COVID update has mayor giving sober message about slow vaccine

·3 min read

Eganville – A COVID-19 update will all 444 mayors in the province has left Bonnechere Valley Mayor Jennifer Murphy relaying a sobering message the pandemic is not being vanquished in the province any time soon.

“This is all going to be about managing expectations,” she said during a ZOOM committee meeting of council last Wednesday. “I don’t want people thinking they are all going to get vaccinated January 3rd.”

A conference call with all mayors, the premier, senior ministers and General Rick Hillier, who is handling the vaccine delivery in the province, showed it will be a long time before all residents in the province will be vaccinated, she said.

“General Hillier was so up front and honest,” she told the Leader. “It will not be done tomorrow. It will not be done by January 1st.”

The conference call was on December 8 and she said it was very informative.

“He took us through the three phases,” she said. “We are in Phase One.”

The mayors were told to manage expectations among their residents about when the province would receive enough vaccine for everyone. “I can tell you this first Pfizer vaccine has to be stored at -75,” she said. “So it has to be done at special vaccination centres.”

She said the mayors were told there would be 23 vaccination centres in the province for the Pfizer vaccine.

“You can’t just take it to a long-term care home,” she said.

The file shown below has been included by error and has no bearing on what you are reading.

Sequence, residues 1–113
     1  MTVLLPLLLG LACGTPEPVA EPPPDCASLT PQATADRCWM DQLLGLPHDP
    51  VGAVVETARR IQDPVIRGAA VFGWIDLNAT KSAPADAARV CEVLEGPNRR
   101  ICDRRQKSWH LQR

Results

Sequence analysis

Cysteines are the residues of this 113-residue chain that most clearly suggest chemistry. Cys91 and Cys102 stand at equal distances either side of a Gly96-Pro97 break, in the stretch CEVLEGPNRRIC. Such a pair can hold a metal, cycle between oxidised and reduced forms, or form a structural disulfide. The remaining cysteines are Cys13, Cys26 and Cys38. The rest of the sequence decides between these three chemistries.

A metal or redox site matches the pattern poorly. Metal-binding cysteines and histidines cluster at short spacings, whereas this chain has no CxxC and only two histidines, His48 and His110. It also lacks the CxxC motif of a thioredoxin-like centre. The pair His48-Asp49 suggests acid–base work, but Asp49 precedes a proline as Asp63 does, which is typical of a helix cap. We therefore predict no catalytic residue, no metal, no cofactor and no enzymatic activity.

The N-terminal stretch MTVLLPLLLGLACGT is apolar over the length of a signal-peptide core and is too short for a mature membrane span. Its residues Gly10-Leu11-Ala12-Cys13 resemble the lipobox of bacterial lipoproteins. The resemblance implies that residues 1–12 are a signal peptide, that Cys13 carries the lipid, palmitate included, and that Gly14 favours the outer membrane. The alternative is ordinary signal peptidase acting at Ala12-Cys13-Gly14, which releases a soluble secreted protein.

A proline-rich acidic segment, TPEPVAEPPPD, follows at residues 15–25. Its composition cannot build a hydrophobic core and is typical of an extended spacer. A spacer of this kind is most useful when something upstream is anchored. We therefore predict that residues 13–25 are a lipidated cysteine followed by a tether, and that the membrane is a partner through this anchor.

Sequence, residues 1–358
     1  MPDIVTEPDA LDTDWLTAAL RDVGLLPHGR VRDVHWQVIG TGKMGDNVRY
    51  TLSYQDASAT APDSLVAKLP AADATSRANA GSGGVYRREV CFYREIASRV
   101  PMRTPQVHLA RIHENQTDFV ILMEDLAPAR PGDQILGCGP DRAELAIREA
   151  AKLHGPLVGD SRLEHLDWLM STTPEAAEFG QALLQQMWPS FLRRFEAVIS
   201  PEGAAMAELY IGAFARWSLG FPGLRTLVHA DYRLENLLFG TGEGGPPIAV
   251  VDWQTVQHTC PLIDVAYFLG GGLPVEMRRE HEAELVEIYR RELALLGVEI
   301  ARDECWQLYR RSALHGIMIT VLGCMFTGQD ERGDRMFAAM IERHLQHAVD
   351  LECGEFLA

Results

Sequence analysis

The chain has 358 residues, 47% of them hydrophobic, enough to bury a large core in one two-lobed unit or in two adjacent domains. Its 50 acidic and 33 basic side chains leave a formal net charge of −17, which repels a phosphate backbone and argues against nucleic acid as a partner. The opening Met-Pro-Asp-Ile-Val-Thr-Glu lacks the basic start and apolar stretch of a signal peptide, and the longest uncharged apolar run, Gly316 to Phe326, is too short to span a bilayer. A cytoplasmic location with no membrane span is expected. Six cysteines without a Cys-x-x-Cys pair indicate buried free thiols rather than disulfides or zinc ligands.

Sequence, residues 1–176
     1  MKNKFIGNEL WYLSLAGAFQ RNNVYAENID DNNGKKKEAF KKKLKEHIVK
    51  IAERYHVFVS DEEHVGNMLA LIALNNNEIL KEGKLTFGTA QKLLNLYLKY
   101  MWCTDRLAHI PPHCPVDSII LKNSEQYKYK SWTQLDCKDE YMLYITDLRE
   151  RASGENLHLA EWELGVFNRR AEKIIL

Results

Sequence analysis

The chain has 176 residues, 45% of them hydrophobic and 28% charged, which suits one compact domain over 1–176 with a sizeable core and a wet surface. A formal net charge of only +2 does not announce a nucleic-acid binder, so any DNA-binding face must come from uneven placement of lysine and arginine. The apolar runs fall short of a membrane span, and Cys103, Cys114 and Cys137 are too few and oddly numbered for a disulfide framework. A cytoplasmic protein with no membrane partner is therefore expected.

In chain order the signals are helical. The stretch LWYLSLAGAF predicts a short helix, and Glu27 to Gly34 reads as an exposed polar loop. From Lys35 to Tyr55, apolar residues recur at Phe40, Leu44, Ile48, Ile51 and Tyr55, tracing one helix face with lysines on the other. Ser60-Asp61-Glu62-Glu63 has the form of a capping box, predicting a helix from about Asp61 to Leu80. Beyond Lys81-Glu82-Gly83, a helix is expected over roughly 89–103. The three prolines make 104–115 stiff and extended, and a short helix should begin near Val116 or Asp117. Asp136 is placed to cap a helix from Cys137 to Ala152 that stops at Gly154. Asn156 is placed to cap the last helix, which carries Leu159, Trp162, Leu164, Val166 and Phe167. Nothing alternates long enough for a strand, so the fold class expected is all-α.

As well, with the Pfizer vaccine there are two vaccines 21 days apart. The Moderna vaccine is more mobile, she said.

“There will be some education along with people getting vaccines,” she said, referring to the double vaccination schedule with the Pfizer vaccine.

In the rollout of the vaccines, the province is starting with front-line workers and long-term care homes in more urban centres, she said.

“That will be the last part of 2020,” she said.

Phase 2 starts in April and will last for six to nine months and then in late 2021 Phase 3 will be brought in.

“That will be part of the normal vaccination routine,” she said.

As well as the rollout of the vaccine there are security issues the province is dealing with, Mayor Murphy said.

“Evidently these vaccines will flow out through the health units and hospitals,” she said. “We are not sure about the per capita distribution of vaccine.” The mayors also discussed issues of public trust in the vaccine.

“It seems 65 per cent of the Ontario population would take the vaccine if it was proven,” she said.

There have been news reports from the United Kingdom about Bells Palsy reactions and anaphylactic shock as well, she noted.

“I understand as of yesterday the UK revealed there is a second strain,” she said. “I hope it never gets to us.”

Mayor Murphy said the call was quite informative and it appeared most of the province’s heads of municipalities took part.

Debbi Christinck, Local Journalism Initiative Reporter, The Eganville Leader